A NORTH-East Labour MP will today (Wednesday, March 26) defy his party leader by voting against a ‘welfare cap’ – warning it will “demonise those on benefits”.
George Osborne announced the limit - £119.5bn in 2015-16, then rising with inflation – in the expectation it would set an uncomfortable trap for Ed Miliband.
But Labour will vote with the Government today, despite fierce criticism of the policy by charities such as the Children's Society.
Now Mr Morris has said: “I cannot vote for the welfare cap. It plays to the Tory strategy of divide and rule demonising those on benefits as the undeserving poor.
“Ministers claim the cap is required to get social security spending under control, but this artificial cap is a sign of Government failure and gesture politics.
“Cutting benefits is not the way to reduce social security spending. Kicking the ladders of support away from those most in need has an untold human cost and any short term saving quickly evaporates.”
The MP instead called for rent controls to limit the spiralling £20bn going to private landlords in housing benefit – one of the key slices of the welfare bill.
And he urged Labour to “differentiate its position from the Tories”, adding: “It is shameful of the Tories to seek to set the working poor against the disabled.”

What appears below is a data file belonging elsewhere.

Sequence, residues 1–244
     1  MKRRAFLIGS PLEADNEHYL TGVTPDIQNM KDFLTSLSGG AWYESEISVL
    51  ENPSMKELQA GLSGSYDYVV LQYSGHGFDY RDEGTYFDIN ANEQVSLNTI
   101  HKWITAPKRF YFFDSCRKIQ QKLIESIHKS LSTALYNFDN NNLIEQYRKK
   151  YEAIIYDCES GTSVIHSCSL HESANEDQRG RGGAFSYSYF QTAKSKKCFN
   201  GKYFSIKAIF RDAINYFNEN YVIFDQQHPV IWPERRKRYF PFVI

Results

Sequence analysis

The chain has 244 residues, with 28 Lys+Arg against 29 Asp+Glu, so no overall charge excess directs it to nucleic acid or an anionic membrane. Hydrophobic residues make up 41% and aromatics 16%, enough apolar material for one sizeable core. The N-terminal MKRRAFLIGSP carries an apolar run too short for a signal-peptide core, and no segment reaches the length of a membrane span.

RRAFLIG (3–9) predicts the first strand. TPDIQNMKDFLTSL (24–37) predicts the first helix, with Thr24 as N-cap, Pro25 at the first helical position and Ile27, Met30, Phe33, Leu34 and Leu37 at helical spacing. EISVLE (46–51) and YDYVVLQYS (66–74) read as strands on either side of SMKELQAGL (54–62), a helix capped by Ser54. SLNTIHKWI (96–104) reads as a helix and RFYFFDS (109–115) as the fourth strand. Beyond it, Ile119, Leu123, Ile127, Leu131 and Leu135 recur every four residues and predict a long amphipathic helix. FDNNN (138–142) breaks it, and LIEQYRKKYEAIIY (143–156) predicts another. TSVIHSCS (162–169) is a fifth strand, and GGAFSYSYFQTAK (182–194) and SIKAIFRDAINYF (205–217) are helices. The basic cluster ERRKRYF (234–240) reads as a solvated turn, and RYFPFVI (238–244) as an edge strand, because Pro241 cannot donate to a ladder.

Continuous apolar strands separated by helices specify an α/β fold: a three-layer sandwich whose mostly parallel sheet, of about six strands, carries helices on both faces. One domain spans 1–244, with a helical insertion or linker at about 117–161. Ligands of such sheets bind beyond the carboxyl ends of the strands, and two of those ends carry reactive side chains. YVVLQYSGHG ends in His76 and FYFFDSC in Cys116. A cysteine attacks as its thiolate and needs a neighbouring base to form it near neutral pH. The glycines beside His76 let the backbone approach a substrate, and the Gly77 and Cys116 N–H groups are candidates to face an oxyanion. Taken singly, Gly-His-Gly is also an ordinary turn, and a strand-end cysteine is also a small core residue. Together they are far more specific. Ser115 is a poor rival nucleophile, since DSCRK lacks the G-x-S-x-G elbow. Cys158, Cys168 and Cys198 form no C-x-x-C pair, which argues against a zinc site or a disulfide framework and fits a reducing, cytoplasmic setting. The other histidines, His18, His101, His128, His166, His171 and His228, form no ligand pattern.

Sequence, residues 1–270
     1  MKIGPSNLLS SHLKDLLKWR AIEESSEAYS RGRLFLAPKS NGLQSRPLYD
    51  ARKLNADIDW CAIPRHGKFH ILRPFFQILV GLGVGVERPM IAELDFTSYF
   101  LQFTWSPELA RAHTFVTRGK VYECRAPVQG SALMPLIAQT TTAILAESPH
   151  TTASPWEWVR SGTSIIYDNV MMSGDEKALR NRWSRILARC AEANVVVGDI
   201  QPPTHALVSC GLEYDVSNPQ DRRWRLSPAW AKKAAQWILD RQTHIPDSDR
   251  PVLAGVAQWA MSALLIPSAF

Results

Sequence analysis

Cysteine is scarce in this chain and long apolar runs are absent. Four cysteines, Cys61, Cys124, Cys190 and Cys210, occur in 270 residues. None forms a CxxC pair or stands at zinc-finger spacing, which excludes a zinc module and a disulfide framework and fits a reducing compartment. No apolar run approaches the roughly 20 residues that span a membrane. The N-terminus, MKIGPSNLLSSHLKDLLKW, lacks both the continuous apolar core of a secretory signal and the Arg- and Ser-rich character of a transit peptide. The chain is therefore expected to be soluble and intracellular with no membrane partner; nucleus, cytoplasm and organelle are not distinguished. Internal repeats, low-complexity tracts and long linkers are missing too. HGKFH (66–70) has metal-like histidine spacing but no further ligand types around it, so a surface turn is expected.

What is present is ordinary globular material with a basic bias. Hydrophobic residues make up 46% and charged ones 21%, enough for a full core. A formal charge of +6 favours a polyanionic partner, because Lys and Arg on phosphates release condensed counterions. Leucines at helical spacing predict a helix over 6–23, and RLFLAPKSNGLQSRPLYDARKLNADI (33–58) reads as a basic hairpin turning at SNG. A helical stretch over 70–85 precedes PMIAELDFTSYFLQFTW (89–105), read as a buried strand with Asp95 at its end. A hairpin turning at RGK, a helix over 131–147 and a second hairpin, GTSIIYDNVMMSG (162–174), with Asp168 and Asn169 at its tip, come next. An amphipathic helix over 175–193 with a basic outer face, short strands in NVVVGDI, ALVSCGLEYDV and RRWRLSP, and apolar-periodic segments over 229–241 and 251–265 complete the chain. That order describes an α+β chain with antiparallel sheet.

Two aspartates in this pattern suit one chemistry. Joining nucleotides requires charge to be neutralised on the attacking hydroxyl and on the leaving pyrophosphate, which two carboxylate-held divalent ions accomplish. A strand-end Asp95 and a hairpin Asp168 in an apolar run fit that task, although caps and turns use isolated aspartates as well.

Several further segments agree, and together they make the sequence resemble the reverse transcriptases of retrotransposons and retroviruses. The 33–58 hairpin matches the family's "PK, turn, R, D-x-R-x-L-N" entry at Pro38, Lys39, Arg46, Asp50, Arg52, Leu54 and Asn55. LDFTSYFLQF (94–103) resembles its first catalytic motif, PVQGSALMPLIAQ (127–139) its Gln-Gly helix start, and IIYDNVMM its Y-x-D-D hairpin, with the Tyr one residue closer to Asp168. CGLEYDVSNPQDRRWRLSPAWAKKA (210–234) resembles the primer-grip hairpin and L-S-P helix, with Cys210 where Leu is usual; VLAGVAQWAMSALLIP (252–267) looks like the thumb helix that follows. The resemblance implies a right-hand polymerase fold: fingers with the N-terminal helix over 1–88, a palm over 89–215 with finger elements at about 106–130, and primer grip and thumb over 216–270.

However, no more than 15 Labour backbenchers will join the revolt, as Mr Miliband keeps most of his party united behind a tougher welfare policy.
Another potential rebel - Gateshead’s Ian Mearns - is abroad on a parliamentary trip, while a third, Wansbeck’s Ian Lavery, will also miss the vote.
Nevertheless, even a small revolt suggests Mr Miliband faces a tricky team forcing through spending cuts, if he wins the next election with a small Commons majority.
Under the new ‘cap’, any future Government wanting to breach the £119.5bn limit would have to get Parliament's approval.
But the state pension and Job Seeker’s Allowance – a ‘cyclical’ benefit, determined by the level of unemployment – will not be included within the cap.
That has made it easier for Labour to back today, after Mr Miliband himself suggested a three-year welfare limit last year.
The Chancellor, unveiling the Budget last week, said: “Britain should always be proud of having a welfare system that helps those most in need.
“But never again should we allow its costs to spiral out of control and its incentives to become so distorted that it pays not to work."
But Matthew Reed, head of the Children's Society, said: “Applying an arbitrary cap takes no account of changing circumstances of families caught up in poverty.”